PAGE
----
News, Nuggets and #Beerylongreads 28/11/2014

Don’t be alarmed: you haven’t lost track of the day of the week or time of day. Because tomorrow has been set aside for our #Beerylongreads post about Adnams, we’re springing our weekly round-up of news a day early.

→ Hop merchants Charles Faram have published their 2014 hop report for the northern hemisphere: ‘The crop has not been bad this year and although we will have shortages with certain varieties things could have been a lot worse.’ Phew!

→ After an off-hand Tweet got shared fairly widely (sorry!) Lars Marius Garshol has written at greater length about why he was troubled by a Barcelona bar with no local beer:

In one way it’s perfectly understandable that Latvians and Catalans want to drink foreign beers. I often do, too, in Oslo. But why should visiting foreigners seemingly prefer these beers? If their ratings are anything to go by, that’s what they do. And why should it be exactly the same breweries all over Europe? It’s always the same 3-4 Norwegian, Danish and UK brewers. The world of craft beer is a lot bigger than that.

→ Mark Hailwood’s series of blog posts on alehouse characters, tied into the publication of his book Alehouses and Good Fellowship in Early Modern England, has reached its third instalment with ‘The Wastrel Husband’.

→ We’re not sure we agree with the overall generalisation that the brewing industry is friendly but Pete Brissenden (aka the Beer Soaked Boy) continues his run of great form with a post that gives some concrete evidence to support the claim:

I got put in charge of the dispense installation, troubleshooting, budgeting, maintenance and training people to lineclean at the brewery I was working at. I knew a little, but not all that much about it. I sent a quick email off to Derek Prentice at Fullers explaining my situation and the next week I spent four days shadowing one of their install engineers and one of their cellar inspection guys. They didn’t have to do that for me, Fullers had nothing to directly gain from it, but they did it and it helped immeasurably.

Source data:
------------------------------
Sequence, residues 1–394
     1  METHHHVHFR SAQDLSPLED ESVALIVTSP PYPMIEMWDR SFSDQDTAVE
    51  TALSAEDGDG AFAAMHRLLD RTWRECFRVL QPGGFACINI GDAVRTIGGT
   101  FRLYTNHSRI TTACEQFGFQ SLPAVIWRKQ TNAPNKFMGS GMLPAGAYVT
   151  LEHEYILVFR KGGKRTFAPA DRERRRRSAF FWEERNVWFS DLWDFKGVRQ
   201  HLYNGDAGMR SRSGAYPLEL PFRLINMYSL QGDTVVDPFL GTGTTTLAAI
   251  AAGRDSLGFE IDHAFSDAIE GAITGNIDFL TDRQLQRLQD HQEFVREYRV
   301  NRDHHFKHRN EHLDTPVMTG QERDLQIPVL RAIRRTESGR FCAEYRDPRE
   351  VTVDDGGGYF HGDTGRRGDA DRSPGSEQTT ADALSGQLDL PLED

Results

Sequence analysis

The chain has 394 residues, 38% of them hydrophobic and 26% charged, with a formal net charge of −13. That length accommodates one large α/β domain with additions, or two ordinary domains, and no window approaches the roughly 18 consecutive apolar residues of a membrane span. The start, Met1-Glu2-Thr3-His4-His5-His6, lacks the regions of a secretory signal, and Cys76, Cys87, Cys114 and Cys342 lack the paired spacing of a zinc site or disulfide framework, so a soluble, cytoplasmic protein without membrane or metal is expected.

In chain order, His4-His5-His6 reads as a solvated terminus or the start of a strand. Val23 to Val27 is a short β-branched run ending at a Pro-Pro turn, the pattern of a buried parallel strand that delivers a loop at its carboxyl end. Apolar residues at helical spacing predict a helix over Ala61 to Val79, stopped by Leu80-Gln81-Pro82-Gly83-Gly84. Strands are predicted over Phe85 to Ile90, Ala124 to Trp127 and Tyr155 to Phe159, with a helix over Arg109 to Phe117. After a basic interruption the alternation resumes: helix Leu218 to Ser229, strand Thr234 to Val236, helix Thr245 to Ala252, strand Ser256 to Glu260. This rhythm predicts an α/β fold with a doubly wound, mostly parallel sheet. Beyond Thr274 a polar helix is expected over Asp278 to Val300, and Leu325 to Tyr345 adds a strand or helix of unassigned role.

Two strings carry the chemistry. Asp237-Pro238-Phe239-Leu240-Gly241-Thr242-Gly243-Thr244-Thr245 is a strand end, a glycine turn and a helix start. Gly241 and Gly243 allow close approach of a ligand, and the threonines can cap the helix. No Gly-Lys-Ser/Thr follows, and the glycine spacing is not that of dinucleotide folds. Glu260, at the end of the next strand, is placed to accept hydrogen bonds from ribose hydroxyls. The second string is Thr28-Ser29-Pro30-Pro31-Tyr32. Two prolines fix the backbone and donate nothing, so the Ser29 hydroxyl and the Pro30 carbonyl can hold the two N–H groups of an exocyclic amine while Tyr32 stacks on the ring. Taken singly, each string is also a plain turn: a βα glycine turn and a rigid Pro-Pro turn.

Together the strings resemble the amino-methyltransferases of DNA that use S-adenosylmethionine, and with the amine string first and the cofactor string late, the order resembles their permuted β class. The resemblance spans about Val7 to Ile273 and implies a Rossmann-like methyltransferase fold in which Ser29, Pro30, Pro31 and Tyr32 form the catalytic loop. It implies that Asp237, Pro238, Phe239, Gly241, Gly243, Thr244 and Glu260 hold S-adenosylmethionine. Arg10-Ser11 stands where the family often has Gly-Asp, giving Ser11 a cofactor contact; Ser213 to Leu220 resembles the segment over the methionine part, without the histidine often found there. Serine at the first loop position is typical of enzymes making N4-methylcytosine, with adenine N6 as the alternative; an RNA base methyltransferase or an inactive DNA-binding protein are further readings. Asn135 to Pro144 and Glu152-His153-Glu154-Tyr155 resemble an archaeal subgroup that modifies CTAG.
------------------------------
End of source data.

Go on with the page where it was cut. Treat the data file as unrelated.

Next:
→ From New Scientist (via @JamesBSumner) news of important research which has shown that a good head of foam helps prevent beer from splashing out of the glass.

→ To mark Movember, Glasgow University Archives dug out this corking image of a brewery founder and his facial adornment (via @robsterowski):

→ On Facebook, we’ve been wondering about a format for talking about beer.

News, Nuggets & Longreads 22/11/2014

It’s Saturday, so here’s a gurt load of links for ‘ee.

→ Jack Highberger doesn’t hate pumpkin beers, and he tasted a lot of them to come up with his Pumpkin Beer Flavor Map. An interesting exercise we’re tempted to imitate with another niche style.

→ Saved to Pocket (that is, we haven’t read it yet) this week is Jim Vorel’s piece for Paste magazine on Anheuser-Busch’s pilot brewery. There is a judgement suggested in the title: ‘The Belly of the Beast’.

→ Martyn Cornell has published a transcript of a talk he gave in Copenhagen on ‘place-based beer‘. This is a topic we’ve been thinking about a lot recently — what would be in a really Cornish ale, as opposed to an English-style ale that just happens to be brewed in Cornwall?

→ And the opposite of beers from a place:

→ Stan Hieronymus knows about hops so his comments on the espresso-style Randall-esque hop infuser recently launched in the UK are especially interesting:

In addition, yeast becomes a key player in dry hopping, because of the biotransformations that occur when yeast and hop hang out together — another area where much more research is needed. Those aren’t going to occur in the seconds it takes beer to pass through the “Hoppier.”

→ We can’t possibly know whether the motives are cynical or pure, but Left Hand Brewing’s response to a trademark dispute is a great example of how to turn bad PR to your advantage.

→ The big news of the week has been the success of the Fair Deal 4 Your Local campaign in getting the government to make it compulsory for pub companies to offer tenants the right to pay a market rent for their pubs and thus remove themselves from the obligation to buy from a limited range of beer at an inflated price. Jeff ‘Stonch’ Bell wrote an off-the-cuff response which struck us as perceptive and balanced, and Pete Brown’s thoughts are also worth a read.

→ And if you’re in London, why not come and say hello at Tap East this afternoon? We’ll be signing books, having a few beers, and chatting from 2-4 pm.

News, Nuggets & Longreads 15/11/2014

As we hurtle into the weekend like Dave Bowman into the Star Child’s wondrous light show, here are some links for you to read with your breakfast.

→ For Wired, Greg Miller considers why it’s so hard for most humans to meaningfully describe smells: